Mary and the saints are models of the perfection of charity and holiness. They have conformed their love to that of Jesus in a radical way. All the martyrs throughout the history of the Church refused to deny Christ. They sacrificed their lives, forgetting themselves and accepting suffering and death. Likewise, Mary gave herself completely to the Lord, forgetting herself and living only for the honor and glory of God, while accepting whatever pain and suffering God allowed to come her way.

Mary imitates and reciprocates God’s perfect sacrificial love; hence, she is showered with graces from above. In turn, Mary does not waste an ounce of grace but responds even more generously in loving and living for the Lord.

We can never really have enough time to show God our love for Him. The prolific writer Fr. Henri Nouwen stressed this reality to his students at Yale Divinity School. On the first day of his theology class, he would take chalk and draw a long horizontal line from one end of the chalkboard to the other. Then, he would explain that this long line represented God’s love for us:

“God loved you before you were born, and God will love you after you die. In Scripture God says, ‘I have loved you with an everlasting love.’ This is a very fundamental truth of your identity. This is who you are whether you feel it or not.”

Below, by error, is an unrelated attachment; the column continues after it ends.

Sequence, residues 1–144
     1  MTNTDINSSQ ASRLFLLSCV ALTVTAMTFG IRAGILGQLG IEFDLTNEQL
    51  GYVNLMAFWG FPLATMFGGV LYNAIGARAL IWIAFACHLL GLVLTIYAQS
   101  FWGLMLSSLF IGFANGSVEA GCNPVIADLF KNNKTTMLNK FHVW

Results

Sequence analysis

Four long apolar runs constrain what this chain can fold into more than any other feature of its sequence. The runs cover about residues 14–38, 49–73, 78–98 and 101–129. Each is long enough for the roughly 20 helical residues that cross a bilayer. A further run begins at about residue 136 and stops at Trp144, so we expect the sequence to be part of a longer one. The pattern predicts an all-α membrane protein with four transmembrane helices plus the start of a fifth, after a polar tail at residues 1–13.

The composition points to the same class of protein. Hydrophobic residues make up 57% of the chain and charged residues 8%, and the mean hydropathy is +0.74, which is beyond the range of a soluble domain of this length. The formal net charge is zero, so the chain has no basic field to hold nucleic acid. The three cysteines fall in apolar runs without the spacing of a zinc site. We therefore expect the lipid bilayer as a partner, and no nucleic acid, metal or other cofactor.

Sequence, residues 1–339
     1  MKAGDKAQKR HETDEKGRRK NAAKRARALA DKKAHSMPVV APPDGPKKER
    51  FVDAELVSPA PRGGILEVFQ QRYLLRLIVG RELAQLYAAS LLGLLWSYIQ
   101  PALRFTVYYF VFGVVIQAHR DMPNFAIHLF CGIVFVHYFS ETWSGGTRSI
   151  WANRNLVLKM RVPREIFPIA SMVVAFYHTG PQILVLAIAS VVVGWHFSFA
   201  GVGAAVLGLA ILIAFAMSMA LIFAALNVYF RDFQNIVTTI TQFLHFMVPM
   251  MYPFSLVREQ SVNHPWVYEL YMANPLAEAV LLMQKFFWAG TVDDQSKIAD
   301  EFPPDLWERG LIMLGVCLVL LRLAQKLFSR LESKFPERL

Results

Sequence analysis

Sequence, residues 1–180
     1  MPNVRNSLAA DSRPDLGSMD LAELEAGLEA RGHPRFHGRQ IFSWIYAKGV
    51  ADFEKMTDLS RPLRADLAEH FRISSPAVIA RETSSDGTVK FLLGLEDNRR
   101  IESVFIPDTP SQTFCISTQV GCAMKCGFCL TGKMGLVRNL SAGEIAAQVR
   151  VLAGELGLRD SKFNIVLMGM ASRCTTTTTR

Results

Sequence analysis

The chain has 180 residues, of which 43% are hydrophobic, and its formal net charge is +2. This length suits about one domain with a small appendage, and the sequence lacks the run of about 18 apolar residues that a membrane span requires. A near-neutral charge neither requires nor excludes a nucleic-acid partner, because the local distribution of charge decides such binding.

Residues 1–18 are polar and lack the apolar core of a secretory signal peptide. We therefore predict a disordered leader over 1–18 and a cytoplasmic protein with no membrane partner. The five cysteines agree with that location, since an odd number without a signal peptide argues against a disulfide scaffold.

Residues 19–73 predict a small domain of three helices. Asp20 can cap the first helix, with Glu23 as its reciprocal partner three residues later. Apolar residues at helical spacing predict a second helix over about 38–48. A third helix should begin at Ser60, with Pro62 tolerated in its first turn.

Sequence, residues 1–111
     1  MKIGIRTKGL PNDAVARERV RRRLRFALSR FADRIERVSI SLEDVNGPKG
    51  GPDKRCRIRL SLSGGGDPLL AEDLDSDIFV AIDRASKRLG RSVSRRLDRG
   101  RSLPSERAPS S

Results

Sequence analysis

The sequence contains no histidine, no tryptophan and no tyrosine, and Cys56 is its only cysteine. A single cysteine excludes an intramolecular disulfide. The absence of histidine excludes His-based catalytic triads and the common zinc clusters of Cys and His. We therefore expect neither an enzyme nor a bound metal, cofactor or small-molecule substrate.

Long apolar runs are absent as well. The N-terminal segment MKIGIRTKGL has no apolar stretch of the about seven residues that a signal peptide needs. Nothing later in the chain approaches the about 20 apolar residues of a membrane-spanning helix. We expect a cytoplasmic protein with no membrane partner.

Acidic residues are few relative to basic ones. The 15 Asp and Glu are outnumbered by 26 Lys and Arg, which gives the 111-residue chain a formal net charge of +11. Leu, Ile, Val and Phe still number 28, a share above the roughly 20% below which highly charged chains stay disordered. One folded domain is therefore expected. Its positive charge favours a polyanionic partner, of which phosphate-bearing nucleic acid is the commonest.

— Henri J.M. Nouwen, Finding My Way Home: Pathways to Life and the Spirit (Chestnut Ridge, NY: Crossroad Publishing, 2018), 129.

Then, in the middle of the horizontal line, he would draw two small vertical lines to indicate our limited time on earth. Fr. Nouwen would tell his students, “Your time on earth is just a short opportunity for you to say to God, ‘I love you, too.’ ”

Truly, we do not have enough time in this short life to show our love for God. We can never return to God the love He has given us. Therefore, we must not waste a single minute by not loving the Lord.

This article is an excerpt from Fr. Tran’s new book, The Imitation of Mary: Keys to Growth in Virtue and Grace. It is available as an ebook or paperback from your favorite bookseller and Sophia Institute Press.

image: Church of the Holy Sepulcher, Jerusalem via Xuanlu Wang / Shutterstock.com

By

Fr. Quan Tran is a Roman Catholic priest for the Diocese of Orange in California. Father Tran is currently a Parochial Vicar at St. Bonaventure parish in Huntington Beach. He is also the Secretary to the Pastoral Provision for Bishop Kevin Vann. His latest book is The Imitation of Mary:Keys to Growth in Virtue and Grace.